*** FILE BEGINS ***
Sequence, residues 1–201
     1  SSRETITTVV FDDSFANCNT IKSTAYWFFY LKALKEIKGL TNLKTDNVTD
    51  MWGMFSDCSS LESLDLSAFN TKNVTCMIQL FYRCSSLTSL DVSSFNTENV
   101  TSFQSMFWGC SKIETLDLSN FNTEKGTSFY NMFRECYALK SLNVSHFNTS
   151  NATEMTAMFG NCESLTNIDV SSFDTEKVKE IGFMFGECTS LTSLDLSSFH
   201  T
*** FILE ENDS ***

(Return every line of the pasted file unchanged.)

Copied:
Sequence, residues 1–201
     1  SSRETITTVV FDDSFANCNT IKSTAYWFFY LKALKEIKGL TNLKTDNVTD
    51  MWGMFSDCSS LESLDLSAFN TKNVTCMIQL FYRCSSLTSL DVSSFNTENV
   101  TSFQSMFWGC SKIETLDLSN FNTEKGTSFY NMFRECYALK SLNVSHFNTS
   151  NATEMTAMFG NCESLTNIDV SSFDTEKVKE IGFMFGECTS LTSLDLSSFH
   201  T